On October 10th, campus and community members came together for the annual Faculty & Staff Sustainability Mixer at the Earl Burns Miller Japanese Garden to celebrate a shared vision of a healthier and more resilient campus environment.
While it is a celebration meant to bring the community together, the mixer’s purpose is also meant to spark conversations about our sustainability priorities for the upcoming academic year, introduce new people into our sustainability community, and link our sustainability efforts to the broader goals of the university. The event also serves as the venue for announcing the recipient of the Sustainability Champion Award, an honor that this year went to Dr. Christine Whitcraft.
The mixer, now in its sixth consecutive year, is co-hosted by the Office of Sustainability, the President’s Commission on Sustainability and the Earl Burns Miller Japanese Garden. The Forty-Niner Shops’ generous contribution allowed guests to enjoy an open bar, delicious vegetarian appetizers and tasty desserts throughout the evening.
At the start of the formal program, Division of Administration & Finance Vice President, Scott Apel, reflected on the outcomes of the Imagine Beach 2030 event last November and how the priorities that emerged will play a key role in future campus planning. From implementing resiliency measures on campus to preparing students to become problem solvers and engaged community members, Beach 2030 helped us envision our campus as one in which all can thrive without barriers.
Of course, elevating The Beach in terms of sustainability, resiliency and education is not possible without the commitment and dedication of a variety of members of our campus community. That’s why each year at the Fall Mixer, the sustainability community recognizes one individual whose commitment to campus sustainability efforts stands out among the rest.
This year Associate Professor of Biology and Director of the Environmental Science and Public Policy department, Dr. Christine Whitcraft, was recognized as this year’s Sustainability Champion for her dedication to advancing campus sustainability efforts. Over the years, she served on the Sustainability Task Force, chaired and co-chaired several of the working groups, collaborated with CSULB Sustainability and the Center for Community Engagement to involve her students in sustainability-focused service learning projects, and worked as a consultant on the creation of the College of Professional and International Education’s new Masters in Sustainability degree program.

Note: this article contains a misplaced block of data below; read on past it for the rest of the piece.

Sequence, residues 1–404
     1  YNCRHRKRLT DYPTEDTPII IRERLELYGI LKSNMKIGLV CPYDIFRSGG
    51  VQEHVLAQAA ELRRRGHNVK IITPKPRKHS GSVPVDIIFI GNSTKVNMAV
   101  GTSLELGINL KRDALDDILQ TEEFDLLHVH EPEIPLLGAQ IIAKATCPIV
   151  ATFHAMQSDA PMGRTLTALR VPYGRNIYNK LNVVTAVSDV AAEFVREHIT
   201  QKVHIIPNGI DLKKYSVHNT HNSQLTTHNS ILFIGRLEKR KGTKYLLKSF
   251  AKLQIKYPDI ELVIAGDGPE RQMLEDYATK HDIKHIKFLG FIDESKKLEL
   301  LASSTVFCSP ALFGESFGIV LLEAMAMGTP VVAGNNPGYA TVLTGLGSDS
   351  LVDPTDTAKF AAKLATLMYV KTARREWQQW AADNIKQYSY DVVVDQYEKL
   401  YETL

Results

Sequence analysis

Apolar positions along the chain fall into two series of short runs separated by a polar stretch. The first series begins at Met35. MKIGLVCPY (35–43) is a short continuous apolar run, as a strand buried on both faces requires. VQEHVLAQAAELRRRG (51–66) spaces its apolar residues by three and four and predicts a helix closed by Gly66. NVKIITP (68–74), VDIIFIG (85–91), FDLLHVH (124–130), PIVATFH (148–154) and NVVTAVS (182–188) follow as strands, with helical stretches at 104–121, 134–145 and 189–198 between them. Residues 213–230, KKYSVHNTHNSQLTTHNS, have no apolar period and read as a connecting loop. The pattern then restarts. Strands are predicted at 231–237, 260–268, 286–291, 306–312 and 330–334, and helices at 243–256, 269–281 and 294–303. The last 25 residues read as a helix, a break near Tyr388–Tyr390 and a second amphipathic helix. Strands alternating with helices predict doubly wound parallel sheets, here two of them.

When she is not championing sustainability programs on campus, Dr. Whitcraft’s leadership inspires students to be more involved with protecting our natural resources through wetlands conservation and service-learning activities.
In addition to highlighting faculty leaders, the Fall Mixer program recognized students who are applying their knowledge and skills to solve real-world problems. Senior Industrial Design majors Dominique Gan, Wesley Ihezue, Josselyn Alejandra Alcaraz and Aman Dembe spoke to attendees about their project which earned 2nd place in the 2019 Biomimicry Global Design Challenge. The Challenge calls on design teams to create a nature-inspired solution to a climate change issue. Of the 98 participating teams from across the globe, not one but three teams from CSULB were named as finalists to advance to the next round of judging in Panama!
Gan and her design team created “Hexagrain” as a solution to oxygenate the soil in rice fields. Rice farming is the biggest contributor of methane within the agriculture crop sector. It is a water-intensive crop and in the process, the bio-matter creates the perfect environment for methane-creating microbes. The team’s design solution creates a less habitable environment for these microbes, which results in a reduction in greenhouse gas emissions.
During the program, the team shared their insights about how working on this project was a significant experience in their academic careers. “We are meeting with sustainability advocates and learning all sorts of different things. I appreciate where this project is taking me in regards to connections and people,” said Ihezue.
The team also gained a better appreciation for the ways in which design can affect the environment, especially in terms of materials used in the process, as well as the role designers can play in bringing about solutions.
“It makes us contribute to saving the environment. Climate change right now is a big thing. What we are working on right now is trying to solve some of the issues happening,” said Dembe.
The evening wrapped up with remarks from Dr. Whitcraft about the priorities of President Conoley’s new Commission on Sustainability, which she also Chairs. Dr. Whitcraft also issued an invitation to attendees to get involved in the work of the Commission via its newly formed Committees. If you are interested in learning more about the Commission or ways to get involved in the Committees, please contact firstname.lastname@example.org.